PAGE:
Note that IMR is expressed in percentage terms. As a first step in our empirical analysis we will perform unit root test in order to examine the variables for stationarity. Provided that the variables will be found non-stationary in levels we can then examine the existence of a co-integration relationship between them, i.e. the presence of a long-run equilibrium relationship. The next step is to estimate an error correction model in order to examine the adjustment process towards equilibrium. We also estimate the model using the Fully Modified Ordinary Least Squares (FMOLS) and Dynamic Ordinary Least Squares (DOLS) methods, which provide information on the long-run elasticities of the variables and improve the robustness of our results. Finally, we use Granger causality tests so as to look at the direction of causality between the variables.
Three panel unit root test were performed (Table 2), namely the Breitung t-stat test  , the Im, Pesaran and Shin test  , and the ADF-Fisher chi-square test  .
The panel unit root tests indicate that both variables are non-stationary in levels and they become stationary in first differences. In other words, both series are I(1) procedures and therefore we can search for a co-integrating relationship between them. That in turn means that we can have a linear combination of the variables which is I(0) and it displays a long-run equilibrium relationship.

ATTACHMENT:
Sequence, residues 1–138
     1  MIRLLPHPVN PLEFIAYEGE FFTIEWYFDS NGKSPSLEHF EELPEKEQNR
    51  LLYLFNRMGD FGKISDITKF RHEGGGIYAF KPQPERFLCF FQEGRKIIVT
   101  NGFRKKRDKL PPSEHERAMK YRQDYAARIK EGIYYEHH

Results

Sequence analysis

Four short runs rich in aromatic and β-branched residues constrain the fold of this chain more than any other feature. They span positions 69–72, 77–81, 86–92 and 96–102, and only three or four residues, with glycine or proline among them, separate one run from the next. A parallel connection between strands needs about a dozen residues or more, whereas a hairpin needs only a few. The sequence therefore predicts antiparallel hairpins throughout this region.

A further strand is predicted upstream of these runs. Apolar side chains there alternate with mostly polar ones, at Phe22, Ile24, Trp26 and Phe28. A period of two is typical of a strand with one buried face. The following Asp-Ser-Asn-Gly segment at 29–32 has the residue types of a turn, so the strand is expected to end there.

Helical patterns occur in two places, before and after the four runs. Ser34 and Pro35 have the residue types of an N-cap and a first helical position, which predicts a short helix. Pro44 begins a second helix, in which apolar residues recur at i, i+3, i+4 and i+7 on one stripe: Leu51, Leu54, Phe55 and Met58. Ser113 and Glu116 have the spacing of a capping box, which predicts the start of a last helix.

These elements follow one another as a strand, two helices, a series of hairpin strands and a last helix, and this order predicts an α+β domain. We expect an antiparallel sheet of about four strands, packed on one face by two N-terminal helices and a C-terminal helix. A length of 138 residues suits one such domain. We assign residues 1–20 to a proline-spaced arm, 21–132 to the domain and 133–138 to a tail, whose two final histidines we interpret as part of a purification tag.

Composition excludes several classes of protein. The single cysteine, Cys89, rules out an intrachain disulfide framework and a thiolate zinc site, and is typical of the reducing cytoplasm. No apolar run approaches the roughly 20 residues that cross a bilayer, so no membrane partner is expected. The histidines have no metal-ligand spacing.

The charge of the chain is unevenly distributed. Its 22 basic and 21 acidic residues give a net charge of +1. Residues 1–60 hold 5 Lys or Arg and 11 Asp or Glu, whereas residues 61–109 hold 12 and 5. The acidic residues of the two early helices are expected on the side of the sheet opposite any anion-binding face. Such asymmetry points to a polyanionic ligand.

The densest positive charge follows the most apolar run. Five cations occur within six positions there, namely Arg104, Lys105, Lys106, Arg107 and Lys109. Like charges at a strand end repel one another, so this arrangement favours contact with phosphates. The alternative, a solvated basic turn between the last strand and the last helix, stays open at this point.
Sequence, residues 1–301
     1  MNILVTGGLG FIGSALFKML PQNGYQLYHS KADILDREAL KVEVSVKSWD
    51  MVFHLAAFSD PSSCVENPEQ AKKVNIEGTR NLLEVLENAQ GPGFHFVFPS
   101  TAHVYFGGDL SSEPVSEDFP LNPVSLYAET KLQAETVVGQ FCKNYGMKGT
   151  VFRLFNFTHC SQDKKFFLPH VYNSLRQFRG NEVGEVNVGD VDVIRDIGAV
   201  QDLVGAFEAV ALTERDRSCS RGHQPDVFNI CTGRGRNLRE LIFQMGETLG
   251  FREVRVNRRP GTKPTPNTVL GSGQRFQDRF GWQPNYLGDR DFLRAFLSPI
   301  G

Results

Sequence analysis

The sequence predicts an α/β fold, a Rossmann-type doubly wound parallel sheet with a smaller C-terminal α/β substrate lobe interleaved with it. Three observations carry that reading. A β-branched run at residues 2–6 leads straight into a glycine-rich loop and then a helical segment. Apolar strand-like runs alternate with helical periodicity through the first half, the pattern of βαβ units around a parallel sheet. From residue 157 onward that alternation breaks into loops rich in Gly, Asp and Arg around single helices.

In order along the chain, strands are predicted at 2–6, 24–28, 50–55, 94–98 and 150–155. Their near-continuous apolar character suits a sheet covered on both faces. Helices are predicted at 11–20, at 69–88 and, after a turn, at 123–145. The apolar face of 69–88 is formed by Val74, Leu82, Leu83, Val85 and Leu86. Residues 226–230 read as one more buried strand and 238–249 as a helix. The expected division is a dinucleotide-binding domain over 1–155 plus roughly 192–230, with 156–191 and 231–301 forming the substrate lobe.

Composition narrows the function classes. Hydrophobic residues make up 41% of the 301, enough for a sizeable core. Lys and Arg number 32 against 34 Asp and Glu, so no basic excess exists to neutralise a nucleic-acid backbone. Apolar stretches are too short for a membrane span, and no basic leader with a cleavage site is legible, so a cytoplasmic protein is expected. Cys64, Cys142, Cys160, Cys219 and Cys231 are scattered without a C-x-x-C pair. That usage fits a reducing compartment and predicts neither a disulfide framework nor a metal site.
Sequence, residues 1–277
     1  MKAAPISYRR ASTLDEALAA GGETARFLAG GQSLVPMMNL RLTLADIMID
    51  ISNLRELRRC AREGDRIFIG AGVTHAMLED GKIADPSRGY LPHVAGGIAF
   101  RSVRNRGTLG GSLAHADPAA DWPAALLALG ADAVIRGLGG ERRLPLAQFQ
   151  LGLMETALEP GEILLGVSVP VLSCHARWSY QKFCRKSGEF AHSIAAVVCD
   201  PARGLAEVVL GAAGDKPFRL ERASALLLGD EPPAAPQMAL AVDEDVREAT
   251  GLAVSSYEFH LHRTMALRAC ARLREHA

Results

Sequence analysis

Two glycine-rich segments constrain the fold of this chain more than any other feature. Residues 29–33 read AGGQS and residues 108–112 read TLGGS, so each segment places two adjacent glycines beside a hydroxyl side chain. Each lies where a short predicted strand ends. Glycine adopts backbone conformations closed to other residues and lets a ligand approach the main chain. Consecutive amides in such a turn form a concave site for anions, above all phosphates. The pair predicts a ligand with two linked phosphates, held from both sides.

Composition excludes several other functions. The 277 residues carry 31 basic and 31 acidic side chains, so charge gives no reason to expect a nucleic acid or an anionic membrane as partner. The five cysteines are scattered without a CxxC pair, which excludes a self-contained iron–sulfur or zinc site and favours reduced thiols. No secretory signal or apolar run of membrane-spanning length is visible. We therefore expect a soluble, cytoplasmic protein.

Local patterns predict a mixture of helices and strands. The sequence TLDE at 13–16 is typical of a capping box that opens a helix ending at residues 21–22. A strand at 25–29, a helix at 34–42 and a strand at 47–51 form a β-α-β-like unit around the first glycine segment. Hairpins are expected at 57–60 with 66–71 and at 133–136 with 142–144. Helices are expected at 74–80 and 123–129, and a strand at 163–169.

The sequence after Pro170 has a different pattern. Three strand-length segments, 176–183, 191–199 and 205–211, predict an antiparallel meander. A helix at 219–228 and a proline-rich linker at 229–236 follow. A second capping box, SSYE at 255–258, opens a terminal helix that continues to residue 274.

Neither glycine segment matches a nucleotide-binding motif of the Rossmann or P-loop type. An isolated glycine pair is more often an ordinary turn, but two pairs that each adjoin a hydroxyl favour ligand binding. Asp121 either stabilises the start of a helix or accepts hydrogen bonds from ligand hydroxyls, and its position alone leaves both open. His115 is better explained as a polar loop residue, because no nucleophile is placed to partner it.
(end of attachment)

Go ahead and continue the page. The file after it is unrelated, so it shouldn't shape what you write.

Both tests have the null hypothesis of no co-integration, which is rejected. Moreover, from the Johansen-Fisher test we conclude at the 5% level that there is at most 1 co-integration relationship. In Table 5 we present the estimates of this relationship, which is in essence the long-run equilibrium relationship
Table 2. Panel unit root tests.
Note: probability values in parentheses, null: unit root (assumes common unit root process) for the Breitung t-stat test and unit root (assumes individual unit root process) for the other two, *** denotes rejection of the null at the 1% level.